[r-t] Stedman Triples and Camapanalogia

Richard Johnston johnstonrh at rhj.org.uk
Fri Jan 17 23:54:44 GMT 2020

On 15 Jan 2020 at 11:00, ringing-theory-request at bellringers.org 

>  [r-t] Stedman Triples and Camapanalogia
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Andrew Johnson:
> In the Christmas issue of The Ringing World, issue 5669/5670, p.1246 
> (subscriber link: https://bb.ringingworld.co.uk/issues/2019/1246)  I wrote
> an article examining whether Fabian Stedman ever extended Stedman Doubles
> (the Principle on Five) to triples.
> J Armiger Trollope, Jasper Snowden, Ernest Morris and Clavis were of the
> opinion it wasn't extended to seven bells by the composer.
> I pointed that in Campanalogia (1677), p.168, Fabian Stedman says:~
> ~Tis 
> plainly demonstrable, that [t]he Principle upon five may go 420 triples 
> upon seven, which is a twelfth part; 840 which is a sixth part; or 1260 
> which is a fourth part of the whole, and the utmost period of triple 
> changes. And then by making four extreams it may go 5040, the complete 
> peal.TM
> Who agrees or disagrees that this shows Fabian Stedman did extend the 
> method to triples?
> What was the extension? In the article I proposed some ideas, but none 
> were completely satisfactory.

Thanks - I found it interesting.

I didn't want to be prejudiced by your article, so I looked back at 
Camopanalogia, to see whaty I got by looking at the immediate and 
larger context, and not thinking too hard.

I cae to  much the same conclusions and for the same reasons as you 
on p1246.

The only additional point is that on page 131 of Campanalogia, 
Stedman doubles is written out with the conventional start at the 
middle of a quick six, which makes it likely that his triples would 
be written out the same way and that the parting change 5, needed to 
get a 5 part, occurred at the middle of the quick six.  

I don't think the fact that not all the bells do the same work would 
have bothered him, as many other contemporary method/compositions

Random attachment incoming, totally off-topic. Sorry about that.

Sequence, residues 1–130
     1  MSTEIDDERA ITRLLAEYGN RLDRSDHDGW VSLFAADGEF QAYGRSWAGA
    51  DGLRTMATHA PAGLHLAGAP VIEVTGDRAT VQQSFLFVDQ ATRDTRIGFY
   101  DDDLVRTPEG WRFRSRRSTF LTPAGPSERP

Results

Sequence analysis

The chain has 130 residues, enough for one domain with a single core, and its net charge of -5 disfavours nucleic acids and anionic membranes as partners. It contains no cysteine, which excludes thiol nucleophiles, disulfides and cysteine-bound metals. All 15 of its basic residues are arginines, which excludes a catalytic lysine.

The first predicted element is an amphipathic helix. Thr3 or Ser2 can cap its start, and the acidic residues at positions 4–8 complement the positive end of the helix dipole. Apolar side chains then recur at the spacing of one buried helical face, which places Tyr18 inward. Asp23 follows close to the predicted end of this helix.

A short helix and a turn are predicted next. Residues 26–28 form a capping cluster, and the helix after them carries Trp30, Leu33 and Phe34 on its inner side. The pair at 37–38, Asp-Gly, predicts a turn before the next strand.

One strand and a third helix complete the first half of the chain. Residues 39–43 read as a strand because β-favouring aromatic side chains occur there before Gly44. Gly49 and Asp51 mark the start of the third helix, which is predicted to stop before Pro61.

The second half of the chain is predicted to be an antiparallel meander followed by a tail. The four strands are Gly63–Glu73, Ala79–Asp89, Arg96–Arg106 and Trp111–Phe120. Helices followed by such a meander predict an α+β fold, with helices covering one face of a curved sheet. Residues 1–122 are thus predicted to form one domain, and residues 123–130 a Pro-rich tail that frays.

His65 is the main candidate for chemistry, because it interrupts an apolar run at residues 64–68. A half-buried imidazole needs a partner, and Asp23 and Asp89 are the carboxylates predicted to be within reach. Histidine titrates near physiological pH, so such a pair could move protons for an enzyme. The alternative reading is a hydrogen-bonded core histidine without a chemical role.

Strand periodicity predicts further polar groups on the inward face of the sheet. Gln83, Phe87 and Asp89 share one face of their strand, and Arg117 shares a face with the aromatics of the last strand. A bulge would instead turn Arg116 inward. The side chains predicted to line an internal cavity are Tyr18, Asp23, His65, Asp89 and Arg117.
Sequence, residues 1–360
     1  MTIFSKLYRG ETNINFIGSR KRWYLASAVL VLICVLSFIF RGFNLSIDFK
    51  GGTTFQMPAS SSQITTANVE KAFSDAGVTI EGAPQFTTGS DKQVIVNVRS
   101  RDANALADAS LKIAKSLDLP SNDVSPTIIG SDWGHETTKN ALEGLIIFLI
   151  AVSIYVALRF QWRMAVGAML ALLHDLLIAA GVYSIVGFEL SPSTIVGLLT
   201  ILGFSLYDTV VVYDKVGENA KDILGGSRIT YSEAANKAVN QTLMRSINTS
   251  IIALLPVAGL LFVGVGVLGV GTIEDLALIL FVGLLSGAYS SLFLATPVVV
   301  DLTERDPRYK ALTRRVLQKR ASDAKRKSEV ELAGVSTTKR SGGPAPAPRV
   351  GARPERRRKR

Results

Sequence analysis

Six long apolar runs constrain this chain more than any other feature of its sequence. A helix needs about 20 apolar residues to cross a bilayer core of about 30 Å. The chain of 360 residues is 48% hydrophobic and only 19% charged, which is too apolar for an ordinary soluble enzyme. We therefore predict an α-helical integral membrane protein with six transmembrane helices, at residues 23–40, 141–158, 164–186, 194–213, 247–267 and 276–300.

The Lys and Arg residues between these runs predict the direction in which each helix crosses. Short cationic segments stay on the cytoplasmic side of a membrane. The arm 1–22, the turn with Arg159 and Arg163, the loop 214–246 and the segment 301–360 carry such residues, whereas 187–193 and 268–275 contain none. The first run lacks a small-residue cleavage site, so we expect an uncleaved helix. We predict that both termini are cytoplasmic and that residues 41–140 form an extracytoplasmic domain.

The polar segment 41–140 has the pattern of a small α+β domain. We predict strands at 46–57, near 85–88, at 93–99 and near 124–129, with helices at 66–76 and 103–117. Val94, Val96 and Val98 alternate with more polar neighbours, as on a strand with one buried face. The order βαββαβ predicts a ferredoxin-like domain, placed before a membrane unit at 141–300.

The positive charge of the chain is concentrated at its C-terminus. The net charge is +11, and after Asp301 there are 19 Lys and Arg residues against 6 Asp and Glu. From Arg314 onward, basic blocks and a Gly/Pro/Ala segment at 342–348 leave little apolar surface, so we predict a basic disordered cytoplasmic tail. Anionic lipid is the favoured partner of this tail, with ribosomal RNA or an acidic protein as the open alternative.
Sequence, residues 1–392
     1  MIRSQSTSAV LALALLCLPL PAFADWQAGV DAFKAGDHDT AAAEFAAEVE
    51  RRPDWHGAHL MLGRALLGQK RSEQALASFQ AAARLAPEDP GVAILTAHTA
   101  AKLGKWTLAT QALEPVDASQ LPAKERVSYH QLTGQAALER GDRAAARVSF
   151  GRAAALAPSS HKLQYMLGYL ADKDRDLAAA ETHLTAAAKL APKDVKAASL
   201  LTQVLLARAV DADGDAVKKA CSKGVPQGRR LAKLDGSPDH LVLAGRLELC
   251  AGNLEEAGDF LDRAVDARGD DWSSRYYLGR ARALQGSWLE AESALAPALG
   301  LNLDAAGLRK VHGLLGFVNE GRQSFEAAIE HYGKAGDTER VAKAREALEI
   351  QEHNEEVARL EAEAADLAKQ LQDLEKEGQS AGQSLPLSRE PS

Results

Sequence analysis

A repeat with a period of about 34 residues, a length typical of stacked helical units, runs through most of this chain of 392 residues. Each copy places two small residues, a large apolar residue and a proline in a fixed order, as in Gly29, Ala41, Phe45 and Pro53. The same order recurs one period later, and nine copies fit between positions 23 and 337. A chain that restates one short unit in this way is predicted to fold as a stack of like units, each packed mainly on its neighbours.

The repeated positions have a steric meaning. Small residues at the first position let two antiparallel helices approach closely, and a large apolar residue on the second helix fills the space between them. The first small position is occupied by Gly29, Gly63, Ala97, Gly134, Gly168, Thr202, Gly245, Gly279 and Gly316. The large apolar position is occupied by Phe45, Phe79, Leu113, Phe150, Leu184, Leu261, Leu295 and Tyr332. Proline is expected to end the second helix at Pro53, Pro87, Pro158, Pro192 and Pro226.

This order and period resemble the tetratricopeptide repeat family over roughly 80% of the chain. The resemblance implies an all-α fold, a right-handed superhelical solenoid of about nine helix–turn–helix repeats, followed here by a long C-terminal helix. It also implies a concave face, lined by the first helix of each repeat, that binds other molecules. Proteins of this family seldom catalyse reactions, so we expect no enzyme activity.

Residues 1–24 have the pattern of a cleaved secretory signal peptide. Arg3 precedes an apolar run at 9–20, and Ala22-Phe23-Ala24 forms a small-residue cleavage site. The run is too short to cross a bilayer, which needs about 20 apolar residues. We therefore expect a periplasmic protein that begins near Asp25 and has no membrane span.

were like that. 

Looking at the sophistication level (i.e they are not static or 
tedious) of the other 7 bell methods, and the elegance of stedman 
doubles, suggests to me that it is more likely that Stedman's triples 
extension was probably our stedman triples rather than doubles with 
30 dodges behind.  But I admit either is possible.  

I didn't find your later proposals convincing - they seem more .
contrived, and plain hunt on 5 does not exhaust the possibilities in 
the elegant way plain hunt on 3 does.

I think it probably significant that the triples version was not 
pricked out, perhaps suggesting that he thought of it at a late stage 
in production of the book, and so just squeezed it in.  Consequently, 
he may well have underestimated the difficulty of obtaining true 
compositions especially as regards a 5040, so I don't think failure 
to find one as a 4 part using an extreme is significant.  He may have 
done no more than sketched out a few transformations.

My conclusions?  Yes he did have a stedman triples extension, and it 
is more likely than not that it was the one we use now, but otherwise 
the doubles version with dodges behind.   And, it got overlooked by 
later authors because it was not pricked out.

Richard Johnston

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